Mission Delhi – Muhammad Waseem, Near Barakhamba
One of the one per cent in 13 million.
[Text and pictures by Mayank Austen Soofi]
The tea is coming to a boil. He lifts the pan off the stove but not his eyes. Muhammad Waseem, a helper at a tea stall in the commercial district of Connaught Place, is very shy. He isn’t telling The Delhi Walla about his favourite Bollywood heroine. Responding in hmmms and hooons, he tries to hide his smile by bending his head so much that his chin touches his chest. “Speak up, this is Delhi,” a customer says. “You can’t act like a villager.”
Mr Waseem, 14, has the trappings of a city slicker. He is wearing cream-colored trousers, a leather belt and a silver-coloured necklace. He has a cell phone, the in-built radio of which is playing the latest chartbusters. His smile suggests that he may not be missing village life. It’s two years since he left his home in the flood-prone region of Bihar to join Iqbal Bhai, his elder brother, who has been running this tea stall in Delhi for 10 years.
Located on a stretch between Curzon Road and Barakhamba Road, the stall leans against the back wall of Antriksh Bhawan, a commerical complex that is topped with Delhi’s first revolving restaurant. Standing adjacent to an open drain, the tea stall faces a cluster of skyscrapers – Statesman House, Birla Tower, Narayan Building, Indraprastha Building, Arunachal Building, Vijay Building and Ansal Building. Despite surrounded by office buildings, Iqbal Bhai’s business is currently down. The empty ground between the skyscrapers and the stall is being turned into a multi-floor parking complex in preparation for the 2010 Commonwealth Games. The area has been barricaded and not many people come for chai. It doesn’t help that summers have started.
“But we manage to make Rs 6,000 monthly,” says the 28-year-old stall owner. He complains that his brother isn’t of much help. “Waseem’s a harami (bastard). He did not study at school, which was right in front of the house. I got him to Delhi but he doesn’t want to learn anything. A few months ago, I fixed up a job for him in a mechanic’s workshop, but he didn’t go after the first day.”
While the older brother lashes out rather affectionately at him, Mr Waseem continues to smile in embarrassment. I turn to him and ask, “Do you like films?” No answer. Just a smile. “Do you miss your village?” No reply still. “You’ve parents?” No smile. “Mummy, papa, three sisters,” the boy finally opens his mouth. His teeth are stained with tobacco. “But why you don’t want to go to a school?” Smile again.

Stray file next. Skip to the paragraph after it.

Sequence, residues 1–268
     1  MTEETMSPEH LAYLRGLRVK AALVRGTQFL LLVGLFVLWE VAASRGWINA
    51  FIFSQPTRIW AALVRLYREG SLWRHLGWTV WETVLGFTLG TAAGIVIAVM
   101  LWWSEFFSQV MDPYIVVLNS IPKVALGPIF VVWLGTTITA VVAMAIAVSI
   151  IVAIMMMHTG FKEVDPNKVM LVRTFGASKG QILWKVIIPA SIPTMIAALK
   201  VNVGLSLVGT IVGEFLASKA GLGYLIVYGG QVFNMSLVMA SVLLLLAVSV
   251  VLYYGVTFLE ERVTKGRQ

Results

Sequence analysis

A customer joins our one-sided conversation. “If parents are tight (sic), the child will study,” he says. Identifying himself as Kamlesh Kumar, he says he is also from Bihar. “But sometimes, I know, there could be problems at home.”
Mr Waseem and his brother live in a rented one-room apartment in Mandavli, a neighbourhood across the Yamuna. Everyday they wake up at 6 am, get ready and reach the Mother Dairy milk factory near Noida Modh, where they buy 7 litres of milk. Then, they board the No. 340 Blueline bus and reach Connaught Place one hour later. Only then does Mr Waseem have his breakfast: two aloo parathas, costing Rs 20, from a street stall. Lunch is a Rs 20 plate of rajma-chawal. The brothers cook dinner at home.
An order for five glasses of chai comes from an office in Antriskh Bhawan. Iqbal Bhai gets busy with his stove. His seat comprises of three blocks of cement topped with a tattered cushion. After the tea is poured into a blackened kettle, Mr Waseem is asked to deliver it to the office. He goes off with his eyes down. There are no customers now, but a police constable approaches us. He looks friendly. Exchanging greetings with Iqbal Bhai, the constable asks him to come for a meeting that the police department is holding with street hawkers. After he leaves, Iqbal Bhai says, “It must be about the Commonwealth Games. They will say that the stalls don’t leave a good impression with foreigners and that we’ll have to remove them. What will we do then?”
We stay silent. There is no knowing what will happen. A few minutes pass and Mr Waseem returns – still looking shy, eyes still lowered, and still smiling. He will survive. Perhaps.
[This is the 17th portrait of the Mission Delhi project]
The shy and smiling Mr Waseem
Elder brother, Iqbal Bhai
Mr Waseem on an errand
Look up, Mr Waseem
The skyline view from the tea stall
Mr Waseem with the area’s other boys
Hey, eyes up!
You’re happy, you’ll survive